Research Group Hofmann

"Women and Diabetes"

Summary of the research ongoing in the Hofmann laboratory

Most patients and particularly women with type-2 diabetes mellitus develop cardiovascular disease with substantial loss of life expectancy. Nonfatal cardiovascular disease contributes greatly to healthcare costs and decreased quality of life in patients with diabetes. Atherogenic dyslipidemia, also called diabetic dyslipidemia, describes the lipid abnormalities in people with insulin resistance, metabolic syndrome, and type-2 diabetes and is one of the strongest and independent predictors for cardiovascular disease. Recent efforts to reduce the risk of cardiovascular disease in diabetic patients by improving diabetic dyslipidemia with the use of combination therapy failed, supporting the need to identify novel ways to treat diabetic dyslipidemia and to simultaneously target all major components of the metabolic syndrome. The mission of my laboratory is to investigate the molecular mechanisms causing gender and sex specific differences in diabetic dyslipidemia. The laboratory uses a wide range of techniques spanning biophysical chemistry, molecular biology, protein biochemistry, cell biology and animal physiology to understand the role of lipoproteins in cellular metabolism and the immune system response.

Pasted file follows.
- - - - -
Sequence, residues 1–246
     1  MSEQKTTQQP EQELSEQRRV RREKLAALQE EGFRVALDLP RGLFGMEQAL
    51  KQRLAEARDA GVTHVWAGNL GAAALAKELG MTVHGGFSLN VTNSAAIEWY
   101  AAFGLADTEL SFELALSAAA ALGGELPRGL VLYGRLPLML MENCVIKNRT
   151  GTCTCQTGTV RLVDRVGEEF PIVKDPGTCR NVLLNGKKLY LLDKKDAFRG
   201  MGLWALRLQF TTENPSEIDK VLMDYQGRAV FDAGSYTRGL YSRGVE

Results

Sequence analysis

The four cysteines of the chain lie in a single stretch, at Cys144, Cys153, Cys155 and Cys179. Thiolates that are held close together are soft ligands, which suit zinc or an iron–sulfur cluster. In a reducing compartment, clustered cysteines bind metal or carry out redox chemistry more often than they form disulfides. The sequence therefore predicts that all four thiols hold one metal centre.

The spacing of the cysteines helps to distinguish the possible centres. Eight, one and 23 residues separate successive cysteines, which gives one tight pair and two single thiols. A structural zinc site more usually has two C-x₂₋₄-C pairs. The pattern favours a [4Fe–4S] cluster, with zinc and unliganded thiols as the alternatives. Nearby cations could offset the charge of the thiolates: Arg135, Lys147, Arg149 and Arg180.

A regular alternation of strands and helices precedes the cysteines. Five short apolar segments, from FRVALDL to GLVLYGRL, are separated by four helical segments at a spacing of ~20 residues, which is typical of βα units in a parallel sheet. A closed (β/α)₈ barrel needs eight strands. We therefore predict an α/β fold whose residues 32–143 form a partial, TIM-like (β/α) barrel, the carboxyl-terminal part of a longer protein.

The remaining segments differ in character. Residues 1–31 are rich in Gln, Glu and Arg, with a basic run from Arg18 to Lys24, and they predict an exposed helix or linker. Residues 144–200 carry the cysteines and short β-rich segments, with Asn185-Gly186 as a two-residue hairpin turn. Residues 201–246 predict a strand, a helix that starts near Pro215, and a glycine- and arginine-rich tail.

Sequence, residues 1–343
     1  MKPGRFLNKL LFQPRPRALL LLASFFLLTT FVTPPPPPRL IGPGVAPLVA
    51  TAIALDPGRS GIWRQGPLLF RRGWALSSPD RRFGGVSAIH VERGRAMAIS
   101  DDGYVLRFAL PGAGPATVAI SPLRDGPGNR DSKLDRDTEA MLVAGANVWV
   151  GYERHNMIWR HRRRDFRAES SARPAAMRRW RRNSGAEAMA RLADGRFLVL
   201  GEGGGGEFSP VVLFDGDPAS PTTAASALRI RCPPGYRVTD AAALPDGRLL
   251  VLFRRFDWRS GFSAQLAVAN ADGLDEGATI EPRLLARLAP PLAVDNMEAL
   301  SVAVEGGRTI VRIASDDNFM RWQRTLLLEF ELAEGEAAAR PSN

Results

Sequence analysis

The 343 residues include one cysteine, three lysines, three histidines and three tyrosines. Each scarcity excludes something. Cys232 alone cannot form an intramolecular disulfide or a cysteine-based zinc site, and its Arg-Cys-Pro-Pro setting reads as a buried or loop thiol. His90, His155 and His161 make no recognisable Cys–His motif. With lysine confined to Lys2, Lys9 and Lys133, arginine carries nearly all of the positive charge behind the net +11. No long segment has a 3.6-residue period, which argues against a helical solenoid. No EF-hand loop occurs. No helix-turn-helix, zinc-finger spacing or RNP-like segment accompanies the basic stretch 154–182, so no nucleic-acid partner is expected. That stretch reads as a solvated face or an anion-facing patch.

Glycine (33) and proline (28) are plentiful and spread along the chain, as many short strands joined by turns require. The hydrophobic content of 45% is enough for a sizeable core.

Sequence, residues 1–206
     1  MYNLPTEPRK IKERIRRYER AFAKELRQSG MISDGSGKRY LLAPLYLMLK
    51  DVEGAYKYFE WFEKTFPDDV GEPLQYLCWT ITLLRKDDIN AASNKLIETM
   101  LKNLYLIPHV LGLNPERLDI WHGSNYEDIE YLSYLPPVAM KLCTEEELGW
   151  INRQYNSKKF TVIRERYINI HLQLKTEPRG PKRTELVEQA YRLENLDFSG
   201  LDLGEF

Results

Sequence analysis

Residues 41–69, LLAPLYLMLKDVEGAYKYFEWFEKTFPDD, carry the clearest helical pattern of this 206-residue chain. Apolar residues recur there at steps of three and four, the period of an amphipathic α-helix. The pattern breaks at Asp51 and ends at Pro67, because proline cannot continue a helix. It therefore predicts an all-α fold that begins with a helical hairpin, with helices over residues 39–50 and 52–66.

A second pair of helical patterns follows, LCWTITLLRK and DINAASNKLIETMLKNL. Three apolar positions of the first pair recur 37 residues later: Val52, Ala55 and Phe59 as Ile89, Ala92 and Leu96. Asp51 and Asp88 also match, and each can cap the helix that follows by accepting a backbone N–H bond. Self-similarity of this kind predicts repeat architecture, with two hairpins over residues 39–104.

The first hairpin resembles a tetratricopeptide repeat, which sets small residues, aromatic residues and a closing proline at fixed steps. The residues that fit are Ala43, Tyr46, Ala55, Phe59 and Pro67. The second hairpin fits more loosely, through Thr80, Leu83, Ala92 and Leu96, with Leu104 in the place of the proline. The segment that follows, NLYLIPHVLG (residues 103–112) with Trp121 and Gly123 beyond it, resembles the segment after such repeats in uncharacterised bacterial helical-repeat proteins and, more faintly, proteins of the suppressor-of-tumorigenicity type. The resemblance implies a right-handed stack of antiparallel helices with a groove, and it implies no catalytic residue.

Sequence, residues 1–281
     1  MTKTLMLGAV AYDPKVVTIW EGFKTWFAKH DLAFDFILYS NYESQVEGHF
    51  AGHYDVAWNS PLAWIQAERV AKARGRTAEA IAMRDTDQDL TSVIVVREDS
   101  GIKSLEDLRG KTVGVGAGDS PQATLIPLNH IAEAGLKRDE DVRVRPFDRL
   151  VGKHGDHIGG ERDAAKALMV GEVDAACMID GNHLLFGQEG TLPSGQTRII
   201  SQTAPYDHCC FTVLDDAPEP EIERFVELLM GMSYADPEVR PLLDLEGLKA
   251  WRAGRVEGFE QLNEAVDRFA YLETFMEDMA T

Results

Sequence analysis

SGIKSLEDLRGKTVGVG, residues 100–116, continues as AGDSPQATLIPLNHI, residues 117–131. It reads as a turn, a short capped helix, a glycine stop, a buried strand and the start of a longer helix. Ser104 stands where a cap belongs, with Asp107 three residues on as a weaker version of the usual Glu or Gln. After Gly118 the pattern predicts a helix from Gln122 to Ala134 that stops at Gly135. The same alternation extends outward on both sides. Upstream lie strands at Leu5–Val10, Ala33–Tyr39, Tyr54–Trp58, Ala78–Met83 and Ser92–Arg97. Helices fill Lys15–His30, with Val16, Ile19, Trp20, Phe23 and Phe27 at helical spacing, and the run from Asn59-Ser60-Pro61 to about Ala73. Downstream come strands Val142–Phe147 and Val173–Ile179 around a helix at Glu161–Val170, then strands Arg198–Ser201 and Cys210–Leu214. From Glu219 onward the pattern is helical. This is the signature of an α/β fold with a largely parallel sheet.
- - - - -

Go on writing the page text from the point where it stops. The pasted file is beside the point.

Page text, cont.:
Specific aims are:

  • Dissect gender-specific differences in lipoprotein function
  • Investigate potential mechanisms of exercise-induced improvements on diabetic dyslipidemia
  • Determine how lipoproteins influence cellular function in specific cell populations of skeletal muscle, gut, brain and adipose tissue
  • Discover novel therapies for lipid disorders and atherosclerosis

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